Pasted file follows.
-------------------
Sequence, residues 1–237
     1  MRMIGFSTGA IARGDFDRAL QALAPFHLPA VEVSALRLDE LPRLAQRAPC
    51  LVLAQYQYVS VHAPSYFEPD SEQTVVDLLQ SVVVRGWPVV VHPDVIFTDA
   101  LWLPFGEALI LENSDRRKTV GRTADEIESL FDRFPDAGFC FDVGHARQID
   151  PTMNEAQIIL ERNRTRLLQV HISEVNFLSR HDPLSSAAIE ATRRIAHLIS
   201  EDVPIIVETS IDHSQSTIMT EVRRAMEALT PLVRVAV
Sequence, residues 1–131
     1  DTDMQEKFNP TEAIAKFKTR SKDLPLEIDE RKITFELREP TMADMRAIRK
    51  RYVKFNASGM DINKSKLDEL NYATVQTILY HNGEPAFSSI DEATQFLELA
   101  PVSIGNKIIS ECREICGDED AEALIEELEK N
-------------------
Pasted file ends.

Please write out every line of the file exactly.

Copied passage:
Sequence, residues 1–237
     1  MRMIGFSTGA IARGDFDRAL QALAPFHLPA VEVSALRLDE LPRLAQRAPC
    51  LVLAQYQYVS VHAPSYFEPD SEQTVVDLLQ SVVVRGWPVV VHPDVIFTDA
   101  LWLPFGEALI LENSDRRKTV GRTADEIESL FDRFPDAGFC FDVGHARQID
   151  PTMNEAQIIL ERNRTRLLQV HISEVNFLSR HDPLSSAAIE ATRRIAHLIS
   201  EDVPIIVETS IDHSQSTIMT EVRRAMEALT PLVRVAV
Sequence, residues 1–131
     1  DTDMQEKFNP TEAIAKFKTR SKDLPLEIDE RKITFELREP TMADMRAIRK
    51  RYVKFNASGM DINKSKLDEL NYATVQTILY HNGEPAFSSI DEATQFLELA
   101  PVSIGNKIIS ECREICGDED AEALIEELEK N